public int PublicAutoProperty { get; set; }
    public int PrivateSetAutoPropertyCtor { get; private set; }
    public int PrivateSetAutoProperty { get; private set; }

    private int _publicPropertyCtorBacking;
    public int PublicPropertyCtor
    {
        get { return _publicPropertyCtorBacking; }
        set { _publicPropertyCtorBacking = value; }
    }

    private int _publicPropertyBacking;
    public int PublicProperty
    {
        get { return _publicPropertyBacking; }
        set { _publicPropertyBacking = value; }
    }

    private int _privateFieldCtor;
    private int _privateField;

    public int GetPrivateFieldCtor() { return _privateFieldCtor; }
    public int GetPrivateField() { return _privateField; }
    
    // Partial parameter factory method
    public static TestMessageObject Create()
    {
        return new TestMessageObject(1, 2, 3, 4, 5)
        {
            PublicField = 6,
            PublicAutoProperty = 7,
            PrivateSetAutoProperty = 8,
            PublicProperty = 9,
            _privateField = 10
        };
    }

    public override string ToString()
    { 
        return string.Format(
            "pfc:{0},pf:{1},papc:{2},pap:{3},psapc:{4},psap:{5},ppc:{6},pp:{7},_pfc:{8},_pf:{9}",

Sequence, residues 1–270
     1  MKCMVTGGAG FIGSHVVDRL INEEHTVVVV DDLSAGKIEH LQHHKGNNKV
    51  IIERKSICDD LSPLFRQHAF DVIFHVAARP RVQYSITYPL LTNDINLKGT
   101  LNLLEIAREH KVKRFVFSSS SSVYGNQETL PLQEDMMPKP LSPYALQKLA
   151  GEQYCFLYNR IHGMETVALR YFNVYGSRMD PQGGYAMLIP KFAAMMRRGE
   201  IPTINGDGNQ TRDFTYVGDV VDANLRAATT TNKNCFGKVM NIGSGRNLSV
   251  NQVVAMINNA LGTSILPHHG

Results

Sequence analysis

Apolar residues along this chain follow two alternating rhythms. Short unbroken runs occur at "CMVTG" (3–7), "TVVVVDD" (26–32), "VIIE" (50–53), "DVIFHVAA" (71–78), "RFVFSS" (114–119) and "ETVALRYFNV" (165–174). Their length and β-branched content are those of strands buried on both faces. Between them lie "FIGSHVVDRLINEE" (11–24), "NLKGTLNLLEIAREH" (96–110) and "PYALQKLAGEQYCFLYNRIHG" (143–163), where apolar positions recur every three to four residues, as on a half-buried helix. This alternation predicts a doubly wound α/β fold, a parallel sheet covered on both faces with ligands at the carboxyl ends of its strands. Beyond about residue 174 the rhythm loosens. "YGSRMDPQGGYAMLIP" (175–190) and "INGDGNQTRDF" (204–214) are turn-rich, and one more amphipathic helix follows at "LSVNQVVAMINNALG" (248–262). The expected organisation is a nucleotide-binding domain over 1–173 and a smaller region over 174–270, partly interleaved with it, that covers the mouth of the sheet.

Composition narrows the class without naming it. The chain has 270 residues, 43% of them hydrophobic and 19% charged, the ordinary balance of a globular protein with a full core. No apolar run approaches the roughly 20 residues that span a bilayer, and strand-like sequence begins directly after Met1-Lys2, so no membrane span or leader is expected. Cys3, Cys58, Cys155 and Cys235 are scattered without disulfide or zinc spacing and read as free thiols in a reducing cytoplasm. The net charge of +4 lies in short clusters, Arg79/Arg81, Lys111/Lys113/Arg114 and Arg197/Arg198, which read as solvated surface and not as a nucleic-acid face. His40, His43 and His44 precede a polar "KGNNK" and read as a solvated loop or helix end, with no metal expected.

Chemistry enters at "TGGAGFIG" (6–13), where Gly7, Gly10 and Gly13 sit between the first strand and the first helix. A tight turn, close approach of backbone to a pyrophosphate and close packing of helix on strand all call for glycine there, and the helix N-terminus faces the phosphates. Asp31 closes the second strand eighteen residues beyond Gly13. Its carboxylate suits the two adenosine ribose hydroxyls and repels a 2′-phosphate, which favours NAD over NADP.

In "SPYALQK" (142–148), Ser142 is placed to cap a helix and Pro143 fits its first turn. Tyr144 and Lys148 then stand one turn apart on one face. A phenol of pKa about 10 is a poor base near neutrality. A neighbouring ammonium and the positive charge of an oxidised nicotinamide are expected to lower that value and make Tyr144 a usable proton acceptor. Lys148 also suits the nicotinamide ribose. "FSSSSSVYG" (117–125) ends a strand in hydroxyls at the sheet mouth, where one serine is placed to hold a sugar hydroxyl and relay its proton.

PublicFieldCtor,
            PublicField,
            PublicAutoPropertyCtor,
            PublicAutoProperty,
            PrivateSetAutoPropertyCtor,
            PrivateSetAutoProperty,
            _publicPropertyCtorBacking,
            _publicPropertyBacking,
            _privateFieldCtor,
            _privateField);
    }

    public TestMessageObject(
        int publicField,
        int publicAutoProperty,
        int privateSetAutoProperty,
        int publicProperty,
        int privateField)
    {
        PublicFieldCtor = publicField;
        PublicAutoPropertyCtor = publicAutoProperty;
        PrivateSetAutoPropertyCtor = privateSetAutoProperty;
        PublicPropertyCtor = publicProperty;
        _privateFieldCtor = privateField;
    }

    //public TestMessageObject() { }
}    
The default constructor was then commented in and out as needed to test. The code for this example is attached; you'll need VS 2013 (Express for Web for the server and JS client, and Express for Desktop for the WPF client).

Unsurprisingly TestMessageObject2 that we talked about before deserializes exactly as it exists on the server for both the WPF and the JS client. However, also unsurprisingly, TestMessageObject does not.